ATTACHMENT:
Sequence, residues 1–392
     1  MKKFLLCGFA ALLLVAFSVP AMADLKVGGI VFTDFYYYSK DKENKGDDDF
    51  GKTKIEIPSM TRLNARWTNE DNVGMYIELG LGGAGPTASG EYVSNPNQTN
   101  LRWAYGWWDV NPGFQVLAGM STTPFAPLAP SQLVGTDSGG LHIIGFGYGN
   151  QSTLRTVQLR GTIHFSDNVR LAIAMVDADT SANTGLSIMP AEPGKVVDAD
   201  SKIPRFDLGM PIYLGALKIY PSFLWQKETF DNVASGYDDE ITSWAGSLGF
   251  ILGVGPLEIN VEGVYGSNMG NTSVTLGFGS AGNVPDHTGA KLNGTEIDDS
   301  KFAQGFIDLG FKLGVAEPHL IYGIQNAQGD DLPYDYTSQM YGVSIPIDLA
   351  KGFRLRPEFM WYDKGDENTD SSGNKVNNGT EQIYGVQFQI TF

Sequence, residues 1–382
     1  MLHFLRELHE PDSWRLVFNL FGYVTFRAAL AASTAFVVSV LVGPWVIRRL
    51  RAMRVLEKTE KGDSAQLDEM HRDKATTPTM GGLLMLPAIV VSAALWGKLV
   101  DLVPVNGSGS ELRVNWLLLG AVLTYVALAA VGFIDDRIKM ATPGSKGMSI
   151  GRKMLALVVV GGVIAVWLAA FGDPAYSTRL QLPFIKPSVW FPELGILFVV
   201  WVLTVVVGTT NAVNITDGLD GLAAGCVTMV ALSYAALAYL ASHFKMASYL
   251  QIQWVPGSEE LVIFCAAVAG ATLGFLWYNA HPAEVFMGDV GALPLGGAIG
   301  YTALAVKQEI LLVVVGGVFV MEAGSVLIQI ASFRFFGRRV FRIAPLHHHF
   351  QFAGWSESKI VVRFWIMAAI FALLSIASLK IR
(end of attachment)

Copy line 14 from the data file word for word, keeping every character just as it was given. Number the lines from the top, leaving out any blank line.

   151  GRKMLALVVV GGVIAVWLAA FGDPAYSTRL QLPFIKPSVW FPELGILFVV